• Self-generators with on-site facilities. In order to qualify for the exemption, self -generators must wholly own or lease the facility in question and produce electricity solely for their own consumption, except for inadvertent unscheduled deliveries to their electric utility. However, facilities that do not consume all energy on-site are not required to pay the replacement tax on energy that is used to operate the facility.
In addition, large hydroelectric generators (100 megawatt or more) pay a reduced generation tax equivalent to $0.000001847 per kWh.
Energy Research Project, Review (Minnesota) Climate Policies State/Province The commissioner shall continuously identify, monitor, and evaluate research studies and demonstration projects pertaining to alternative energy and energy conservation systems and methodologies, including: (1) solar energy systems for heating and cooling; (2) energy systems using wind, agricultural wastes, forestry products, peat, and other nonconventional energy resources; (3) devices and technologies increasing the energy efficiency of energy-consuming appliances, equipment, and systems; (4) hydroelectric power; and (5) other projects the commissioner deems appropriate and of direct benefit to Minnesota and other states of the upper Midwest.
Energy Revolving Loan Fund - Clean Energy Advanced Manufacturing (Michigan) Industry Recruitment/Support State/Territory Note: This program is not currently accepting applications. Check the program web site for information regarding future solicitations.


In January 2010, Michigan enacted the Public Act 242 of 2009, which established the Energy Efficiency and Renewable Energy Revolving Loan Fund Program. The Clean Energy Advanced Manufacturing portion of this program is available to small businesses located in Michigan who are seeking to invest and diversify in clean energy sectors, manufacturing renewable energy and energy efficiency systems and components.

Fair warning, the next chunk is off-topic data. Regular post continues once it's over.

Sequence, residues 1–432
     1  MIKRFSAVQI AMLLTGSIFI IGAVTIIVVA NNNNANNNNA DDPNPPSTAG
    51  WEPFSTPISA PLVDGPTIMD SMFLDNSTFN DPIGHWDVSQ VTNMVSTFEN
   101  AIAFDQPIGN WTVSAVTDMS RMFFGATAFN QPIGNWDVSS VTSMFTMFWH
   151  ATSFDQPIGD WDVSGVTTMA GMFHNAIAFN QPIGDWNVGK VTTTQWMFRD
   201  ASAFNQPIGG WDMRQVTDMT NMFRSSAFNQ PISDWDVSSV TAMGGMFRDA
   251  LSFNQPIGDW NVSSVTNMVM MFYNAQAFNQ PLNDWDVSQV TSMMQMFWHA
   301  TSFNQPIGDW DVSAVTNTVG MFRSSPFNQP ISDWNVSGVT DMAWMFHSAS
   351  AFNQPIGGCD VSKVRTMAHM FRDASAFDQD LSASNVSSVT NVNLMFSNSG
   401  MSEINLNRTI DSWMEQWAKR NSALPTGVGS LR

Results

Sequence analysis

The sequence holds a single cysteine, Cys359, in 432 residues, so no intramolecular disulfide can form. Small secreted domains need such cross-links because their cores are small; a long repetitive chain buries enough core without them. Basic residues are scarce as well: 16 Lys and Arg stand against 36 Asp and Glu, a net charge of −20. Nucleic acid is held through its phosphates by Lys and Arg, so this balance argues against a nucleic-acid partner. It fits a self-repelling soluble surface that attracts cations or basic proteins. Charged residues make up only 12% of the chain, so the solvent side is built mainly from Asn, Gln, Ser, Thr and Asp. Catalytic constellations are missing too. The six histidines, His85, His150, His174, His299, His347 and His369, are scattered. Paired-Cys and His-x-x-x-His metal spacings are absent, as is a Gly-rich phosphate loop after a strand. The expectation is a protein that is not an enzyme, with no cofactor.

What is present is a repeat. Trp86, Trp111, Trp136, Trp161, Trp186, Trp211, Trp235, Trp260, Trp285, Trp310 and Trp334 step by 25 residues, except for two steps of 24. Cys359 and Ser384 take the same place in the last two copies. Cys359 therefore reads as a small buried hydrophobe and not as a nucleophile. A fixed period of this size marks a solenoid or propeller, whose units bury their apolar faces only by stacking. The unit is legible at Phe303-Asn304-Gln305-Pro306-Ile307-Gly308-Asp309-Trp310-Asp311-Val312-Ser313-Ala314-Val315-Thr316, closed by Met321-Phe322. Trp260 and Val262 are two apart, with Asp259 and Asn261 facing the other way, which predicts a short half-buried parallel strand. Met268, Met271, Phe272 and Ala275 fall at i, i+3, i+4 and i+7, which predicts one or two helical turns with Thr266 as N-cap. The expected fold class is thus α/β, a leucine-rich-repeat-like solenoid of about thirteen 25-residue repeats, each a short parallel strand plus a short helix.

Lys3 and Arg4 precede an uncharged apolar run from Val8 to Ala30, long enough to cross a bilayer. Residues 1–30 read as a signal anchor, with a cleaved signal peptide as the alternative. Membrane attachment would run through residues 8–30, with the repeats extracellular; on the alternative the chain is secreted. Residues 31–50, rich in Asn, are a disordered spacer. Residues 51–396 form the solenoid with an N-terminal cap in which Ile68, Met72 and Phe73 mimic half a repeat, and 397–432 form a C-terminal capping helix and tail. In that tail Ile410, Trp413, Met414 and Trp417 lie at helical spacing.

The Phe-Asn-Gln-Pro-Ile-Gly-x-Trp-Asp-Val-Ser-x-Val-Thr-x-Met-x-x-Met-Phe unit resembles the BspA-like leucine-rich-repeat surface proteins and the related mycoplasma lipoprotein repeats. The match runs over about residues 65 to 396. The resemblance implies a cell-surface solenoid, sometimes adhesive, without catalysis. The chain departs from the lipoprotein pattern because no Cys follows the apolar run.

Applicants are evaluated based on minimum credit standards and face-to-face interviews. Loan recipients are required to submit quarterly reports related to energy use, payback, and other economic information. Program funds cannot be used for any systems installed before the date of the loan agreement. In order to qualify for the loans, the applicant must have 500 employees or less.


Program information and applications are available on the program web site.
Energy Revolving Loan Fund - Farm Energy (Michigan) State Loan Program State/Territory In January 2010, Michigan enacted the Public Act 242 of 2009, which established the Energy Efficiency and Renewable Energy Revolving Loan Fund Program. The Farm Energy Audit/Assessment portion of this program is available to family farms in Michigan for projects recommended through the Michigan Farm Energy Audit program. Applicants are evaluated based on minimum credit standards and face-to-face interviews. Loan recipients are required to submit quarterly reports related to energy use. Program funds cannot be used for any systems installed before the date of the loan agreement. For questions regarding farm energy audits, contact Al Go at Michigan State University.
Energy Revolving Loan Fund - Passive Solar (Michigan) State Loan Program State/Territory In January 2010, Michigan enacted the Public Act 242 of 2009, which established the Energy Efficiency and Renewable Energy Revolving Loan Fund Program. The Passive Solar Systems portion of the loan program is available to family farms and non-profits located in Michigan. Under this program, a passive solar system is defined as "a structure which can extend the growing season to ten to twelve months without additional supplemental heat or light."

Applicants are evaluated based on minimum credit standards and face-to-face interviews to determine knowledge of and interest in passive solar systems. Loan recipients will be required to attend a passive solar system workshop and are required to submit quarterly reports related to production. Program funds cannot be used for any costs incurred before the date of the loan agreement.

Applications are available on the program web site.
Energy Revolving Loan Fund - Public Entities (Michigan) State Loan Program State/Territory Note: The Michigan Economic Development Corporation is not currently accepting applications for this loan fund. Check the program web site for future solicitations.


In January 2010, Michigan enacted the Public Act 242 of 2009, which established the Energy Efficiency and Renewable Energy Revolving Loan Fund Program. The Public Entities portion of the loan program is available to cities and villages located in Michigan for energy efficiency and renewable energy systems. Applicants are evaluated based on minimum credit standards. Program funds cannot be used for any costs incurred before the date of the loan agreement.

The following size restrictions apply for wind, solar thermal water heat, and ground source heat pumps:


  • Wind: 20 kW or smaller
  • Solar Thermal: 20 kW or smaller
  • Ground Source Heat Pump: 5.5 tons of capacity or smaller


Applications are available on the program web site and must be submitted to the Michigan Economic Development Corporation.